This is such a mean Top Ten Tuesday prompt! Honestly–I love so many different authors and, having had the opportunity to work with so many over the last few years, it’s hard to pick my favorites. So this list of ten? Let me just say it’s by no means exhaustive, nor in any sort of order. I don’t honestly hold any one of these brilliant people above the other–they’ve all got equal space on my shelf. I’ve also included first lines from my favorite books of theirs.
1. Gabriel Garcia Marquez
Book of choice: Leaf Storm and Other Stories
On the third day of rain they had killed so many crabs inside the house that Pelayo had to cross his drenched courtyard and throw them into the sea, because the newborn child had a temperature all night and they thought it was due to the stench. The world had been sad since Tuesday.
2. Carlos Ruiz Zafon
Book of choice: The Shadow of the Wind
I still remember the day my father took me to the Cemetery of Forgotten Books for the first time.
3. Sarah Waters
Book of choice: Fingersmith
My name, in those days, was Susan Trinder. People Called me Sue. I know the year I was born in, but for many years I did not know the date and took my birthday at Christmas.
4. Lucy Robinson
Book of choice: her newest, The Day We Disappeared
I stared in confusion at the hayloft. It was not a hayloft. It was a square white room with a single bed and a sticker on the wardrobe saying, ‘I ♥ PONIES!’
5. Victoria Fox
Book of choice: Wicked Ambition
IF NOT VICTORY, REVENGE! It was printed in hot-pink marker on the back of the cubicle door, the lettering neat and precise.
6. Barbara Kingsolver
Book of choice: The Poisonwood Bible
Imagine a ruin so strange it must never have happened. First, picture the forest. I want you to be its conscience, the eyes in the trees.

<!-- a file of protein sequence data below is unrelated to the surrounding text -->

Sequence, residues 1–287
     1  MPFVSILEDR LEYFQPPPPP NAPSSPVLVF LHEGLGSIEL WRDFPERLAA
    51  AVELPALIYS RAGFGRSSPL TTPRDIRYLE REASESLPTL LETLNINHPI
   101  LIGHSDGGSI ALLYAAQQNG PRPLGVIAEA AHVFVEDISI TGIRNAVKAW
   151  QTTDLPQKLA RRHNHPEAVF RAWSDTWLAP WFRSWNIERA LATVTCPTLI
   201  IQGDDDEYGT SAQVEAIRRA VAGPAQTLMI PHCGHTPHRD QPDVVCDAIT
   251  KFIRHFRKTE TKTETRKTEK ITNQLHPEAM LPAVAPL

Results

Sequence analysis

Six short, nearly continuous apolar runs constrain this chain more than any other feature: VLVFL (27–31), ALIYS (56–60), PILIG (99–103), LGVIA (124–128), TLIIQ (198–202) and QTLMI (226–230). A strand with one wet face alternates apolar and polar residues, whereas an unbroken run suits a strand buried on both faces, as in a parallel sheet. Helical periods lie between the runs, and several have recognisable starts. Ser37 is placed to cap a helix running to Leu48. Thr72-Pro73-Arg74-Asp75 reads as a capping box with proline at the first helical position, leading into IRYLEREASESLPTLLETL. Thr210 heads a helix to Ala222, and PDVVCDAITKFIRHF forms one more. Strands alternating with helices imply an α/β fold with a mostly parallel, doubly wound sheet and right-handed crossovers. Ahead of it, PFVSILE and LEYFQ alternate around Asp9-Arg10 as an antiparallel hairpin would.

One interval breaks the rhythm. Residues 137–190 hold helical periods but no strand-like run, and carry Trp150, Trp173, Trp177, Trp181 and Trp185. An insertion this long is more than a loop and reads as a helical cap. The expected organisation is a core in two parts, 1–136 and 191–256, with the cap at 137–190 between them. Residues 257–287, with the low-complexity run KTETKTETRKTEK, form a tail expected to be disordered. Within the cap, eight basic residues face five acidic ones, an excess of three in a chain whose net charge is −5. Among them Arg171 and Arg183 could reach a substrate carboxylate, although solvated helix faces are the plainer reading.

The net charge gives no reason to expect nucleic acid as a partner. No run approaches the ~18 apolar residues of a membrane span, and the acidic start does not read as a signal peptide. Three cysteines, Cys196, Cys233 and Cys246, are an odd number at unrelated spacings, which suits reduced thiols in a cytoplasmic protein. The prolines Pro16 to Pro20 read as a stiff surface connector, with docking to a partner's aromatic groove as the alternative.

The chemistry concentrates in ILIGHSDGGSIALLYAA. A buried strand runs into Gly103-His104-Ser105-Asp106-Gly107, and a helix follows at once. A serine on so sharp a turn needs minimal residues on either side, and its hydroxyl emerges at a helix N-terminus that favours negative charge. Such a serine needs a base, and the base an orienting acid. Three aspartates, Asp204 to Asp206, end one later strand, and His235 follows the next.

7. Haruki Murakami
Book of choice: After Dark
Eyes mark the shape of the city. Through the eyes of a high-flying night bird, we take in a scene from midair. In our broad sweep, the city looks like a single gigantic creature–or more like a single collective entity created by many intertwining organisms.
8. Neil Gaiman
Book of choice: Neverwhere
The night before he went to London, Richard Mayhew was not enjoying himself. He had begun the evening by enjoying himself: he had enjoyed reading the goodbye cards, and receiving the hugs from several not entirely unattractive young ladies of his acquaintance; he had enjoyed the warnings about the evils and dangers of London, and the gift of the white umbrella with the map of the London Underground on it that the lads had clubbed together to buy him; he had enjoyed the first few pints of ale; but then, which each successive pint of ale he found he was enjoying himself significantly less; until now he was sitting and shivering on the pavement outside the pub in a small Scottish town, weighing the conflicting merits of being sick and not being sick, and not enjoying himself at all.
9. Jojo Moyes
Book of choice: The One Plus One
The irony did not escape Jessica Thomas that she’d lost the best job she’d ever had because of a diamond. Not because she stole it but because she didn’t.
10. Carson McCullers
Book of choice: The Heart is a Lonely Hunter
In the town there were two mutes, and they were always together. Early morning they would come out of the house where they lived and walk arm in arm down the street to work.
If you’re interested in getting in touch, tweet me at @stephanie_khani or email me at emailthelondondiaries [at] gmail.com!